• / Free eNewsletters & Magazine
  • / My Account
Home>CLS: The Bright Side of Rising Rates

Related Content

  1. Videos
  2. Articles
  1. Rates May Have Further to Rise

    Bonds had a tough fourth quarter as rates rose, and there is room for both short- and long-term rates to head higher in 2017.

  2. Kinnel's Favorite Funds for Diversification

    With U.S. markets hitting new highs, Morningstar's Russ Kinnel thinks investors would be well-served to look at these diversifying investments.

  3. Low-Vol Strategies May Underperform When Rates Rise

    Interest - rate sensitivity is part of the risk with low-volatility strategies, but attractive risk-adjusted performance over the long term may make them worthwhile for some investors.

  4. Bucket Portfolios for Retirement Income: Step by Step

    Morningstar's Christine Benz walks investors through the basics of setting up and maintaining a 'bucket' retirement portfolio, including some of her favorite funds for retirees.

CLS: The Bright Side of Rising Rates


Investors have been infatuated with the timing and pace of the Federal Reserve’s (Fed’s) plan to raise interest rates ever since rates were pinned at the zero bound in the midst of the financial crisis. Most of the rhetoric regarding interest rate hikes is negative, after all, who wants to “pay more” for money? These fears for financial assets are overblown, as we have mentioned before. Besides focusing on the negatives, what are some of the benefits of higher interest rates?

Remember when your bank account paid you interest? Slowly but surely, banks are starting to raise the amount they pay customers. Online savings accounts typically have a slower process for moving funds, but those who are willing to accept a little less liquidity can get around 1% in interest. The craziness of celebrating 1% interest aside, it isn’t easy to find products paying 1% with a government guarantee (FDIC insurance) and no principal fluctuation.

Most fears regarding rising interest rates are based on client’s bond holdings (which nearly all investors have, whether they know it or not). We have written extensively on how important bonds are to portfolios and why investors definitely should not abandon them. When investing in bonds – whether through ETFs, mutual funds, or direct bond ownership –  there are interest payments and bond maturities that need to be reinvested. Reinvesting these at higher interest rates is beneficial, particularly as the starting interest rate on a bond is often the best predictor of its return.

Interest rates rarely rise in a sustainable way without a prior rise in inflation. The word inflation typically brings memories of the 1980s or stories about the Weimar Republic to mind; however, moderate inflation is typically a sign of a healthy economy. By definition, inflation implies rising prices and wages. The latest jobs report shows wages rising nearly 3% from December 2015 to December 2016, which is currently faster than CPI inflation in the U.S.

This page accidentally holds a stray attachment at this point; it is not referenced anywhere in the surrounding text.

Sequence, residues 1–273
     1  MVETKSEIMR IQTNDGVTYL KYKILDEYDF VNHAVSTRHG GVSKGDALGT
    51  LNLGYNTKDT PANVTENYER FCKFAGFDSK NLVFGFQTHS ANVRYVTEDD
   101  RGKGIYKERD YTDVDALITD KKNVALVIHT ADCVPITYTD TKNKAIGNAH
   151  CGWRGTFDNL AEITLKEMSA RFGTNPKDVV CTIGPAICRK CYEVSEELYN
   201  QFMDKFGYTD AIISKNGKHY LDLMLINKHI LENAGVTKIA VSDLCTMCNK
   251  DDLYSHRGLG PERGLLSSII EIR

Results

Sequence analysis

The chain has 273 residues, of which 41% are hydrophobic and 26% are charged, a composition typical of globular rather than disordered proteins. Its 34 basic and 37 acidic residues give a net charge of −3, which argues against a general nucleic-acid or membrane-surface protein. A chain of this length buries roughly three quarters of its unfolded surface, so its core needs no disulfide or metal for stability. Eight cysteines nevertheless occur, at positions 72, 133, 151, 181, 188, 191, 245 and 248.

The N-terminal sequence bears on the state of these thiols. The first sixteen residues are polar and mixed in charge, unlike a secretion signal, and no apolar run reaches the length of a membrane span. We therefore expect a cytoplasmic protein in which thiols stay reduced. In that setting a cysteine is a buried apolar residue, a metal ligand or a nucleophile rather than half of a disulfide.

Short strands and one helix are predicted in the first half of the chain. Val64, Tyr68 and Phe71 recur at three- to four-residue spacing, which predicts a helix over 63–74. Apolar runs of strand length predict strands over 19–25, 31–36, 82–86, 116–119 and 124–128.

Investment vehicles that use derivatives, such as futures contracts, have to collateralize their exposure. This collateral is typically invested in short-term, safe instruments, such as T-bills. Rising interest rates benefit the collateral yield of a futures position. This is particularly beneficial to commodity investments through ETFs, which typically use futures contracts to gain that exposure. Not to mention, commodities are also a hedge against inflation, which as mentioned accompanies rising interest rates.

Interest rates are an integral part of an economic system that affect nearly everyone. Borrowing money at higher interest rates is not preferable, however, the slow expected rise in rates doesn’t have to be detrimental and can actually benefit segments of the economy and population.


The Russell 3000 Index is an unmanaged index considered representative of the U.S. stock market.  The index is composed of the 3,000 largest U.S. stocks. The S&P 500® Index is an unmanaged composite of 500-large capitalization companies.  This index is widely used by professional investors as a performance benchmark for large-cap stocks.  The Russell 2000® is an index comprised of the 2,000 smallest companies on the Russell 3000 list and offers investors access to small-cap companies. It is a widely recognized indicator of small capitalization company performance. The MSCI All-Countries World Index, excluding U.S. (ACWI ex US) is an index considered representative of stock markets of developed and emerging markets, excluding those of the US. The MSCI EAFE Index is a composite index which tracks performance of international equity securities in 21 developed countries in Europe, Australia, Asia, and the Far East. The MSCI Emerging Markets Index is a composite index which tracks performance of large and mid-cap firms across 21 countries classified as emerging market countries.  The Barclay’s Capital U.S. Aggregate Bond® Index measures the performance of the total United States investment-grade bond market. The Barclay’s Capital 1-3 Month U.S. Treasury Bill® Index includes all publicly issued zero-coupon U.S. Treasury Bills that have a remaining maturity of less than 3 months and more than 1 month, are rated investment grade, and have $250 million or more of outstanding face value. The Bloomberg Commodity Index is made up of 22 exchange-traded futures on physical commodities and represents 20 commodities that are weighted to account for economic significant and market liquidity. An index is an unmanaged group of stocks considered to be representative of different segments of the stock market in general.  You cannot invest directly in an index.

©2017 Morningstar Advisor. All right reserved.